Heat: A Construction Safety Concern


According to NASA's Goddard Institute for Space Studies (GISS), the average global temperature is increasing and though that’s not a good thing at all, it might be worse if you’re in the construction business. Higher temperatures not only throws a spanner at many of your routine constructions tasks but also compromises the safety of workers and operation of heavy machinery.

Taking into consideration these dangers and safety concerns for contractors, we’ve made a list of the key aspects you need to go over to ensure the safety of your workers in hot environments.

1.   Heat Exhaustion

Heat exhaustion isn’t just getting tired because of heat, it’s a serious heat-related health condition and can lead to heat strokes if workers continue to work in hot conditions. The condition develops when the body isn’t able to cool itself anymore and the simplest way to avoid this is to take a break. In fact, taking short but regular breaks is your best bet against hot working environments.


As a contractor (or a worker), you should keep an eye out for the following warning signs: workers who are sweating excessively, haven’t taken a break or look dizzy.

Of course, always have plenty of clean drinking water that’s easily accessible on-site.

2.   Heavy Machinery

Heavy machinery is expensive, dangerous, and requires maintenance all year round - weather doesn’t change that, but the peak hot days of June and July will ask more than the usual from your machinery. Keeping in mind the extreme working conditions, here are some tips to keep your heavy machinery at optimal working conditions:

  • Keep heavy equipment out of the sun, under shade or covered.
  • Minimize usage at peak hours (11:00 to 15:00) to avoid overheating and damaging expensive parts like radiators, motors, or even the entire engine. Operating heavy machinery during cooler hours of the day puts less stress on your machine and on your workers.
  • Keep a look at gauges and follow safety procedures at all times.

Make sure your operators have water on board and get timely breaks as heavy machinery like skid loaders, tractors, cranes, etc. generally, have closed cabins with limited ventilation making the inside even hotter.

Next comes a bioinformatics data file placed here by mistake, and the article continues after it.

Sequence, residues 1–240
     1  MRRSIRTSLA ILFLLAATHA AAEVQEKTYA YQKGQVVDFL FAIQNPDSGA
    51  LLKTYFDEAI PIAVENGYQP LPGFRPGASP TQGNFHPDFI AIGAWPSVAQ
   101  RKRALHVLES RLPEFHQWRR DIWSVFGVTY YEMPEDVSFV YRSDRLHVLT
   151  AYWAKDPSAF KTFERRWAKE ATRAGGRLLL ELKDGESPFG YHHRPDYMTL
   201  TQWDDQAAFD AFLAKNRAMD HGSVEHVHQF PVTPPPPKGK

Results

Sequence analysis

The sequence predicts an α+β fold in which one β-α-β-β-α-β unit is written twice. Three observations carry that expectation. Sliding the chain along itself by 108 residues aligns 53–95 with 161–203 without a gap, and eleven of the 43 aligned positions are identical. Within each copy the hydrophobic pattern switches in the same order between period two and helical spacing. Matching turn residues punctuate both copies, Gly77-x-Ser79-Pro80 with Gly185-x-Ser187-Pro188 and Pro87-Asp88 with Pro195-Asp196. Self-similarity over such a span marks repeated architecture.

3.   Safety Training

You don’t need to spend money or too much time, a 20-minute safety briefing going over the following points will make life a lot easier for workers and operators:

  1. Have a heavy breakfast in the morning and a lighter lunch, preferably something salty to make up for lost sodium due to sweating.
  2. Wear light-colored clothing, preferably white to reduce overheating of the body. Lighter fabrics like cotton would also help significantly with this.
  3. Learn to recognize symptoms of heat-related illnesses like rapid heart rate, vomiting and nausea, cool skin despite the heat, muscle cramps, low blood pressure, and headaches.
  4. Try to cover as much of the body as possible to protect the skin from harmful UV rays. Wear sunglasses to protect the eyes and sunscreen on exposed skin.

Furthermore, under OSHA law, contractors/employers are required to do many of the things covered in this article including their responsibility to provide clean drinking water, training and educating workers about prevention, emergency procedures, and signs of illness.

4.   Know When It’s Too Hot To Work

Sometimes the difference between safety and injury is simply knowing when to stop. We understand the pressure of delivering on deadlines but no deadline is more important than the health of your workers. Additionally, by having your workers work in extremely hot temperatures, you attract serious litigation and government intervention.

According to OSHA’s Heat Illness Prevention Campaign, there are different levels of severity of heat. Here are the three you should look out for:

  • 91°F to 103°F: At this stage, you face Moderate risk. You are required to plan ahead, implement precautions, and make sure your workers are aware of the correct working and safety procedures. Moderate Implement precautions and heighten awareness
  • 103°F to 115°F: At this level, the risk is High. Additional precautions and safety measures need to be installed. Workers should be given more frequent breaks and monitored for any signs of illness.
  • Greater than 115°F: The risk is Very High to Extreme. The most aggressive safety measures should be implemented.
Wrapping up…

Summers are going to get hot and your best bet to keep yourself, your workers, and your equipment protected to come up with a strategy as a response to the increasingly harsh weather. The above points should be a good starting point for your strategy, you just need to tweak the details according to your business structure, state laws, and environment

Nina Sharpe is a freelance writer specializing in a few niches, including Home & Garden. Writing engaging and high-quality content ranging from interior design and landscape architecture to commercial construction and heavy equipment. Her vice in life is a nice glass of red wine, a great cup of coffee (black), and sandy toes on the beach.

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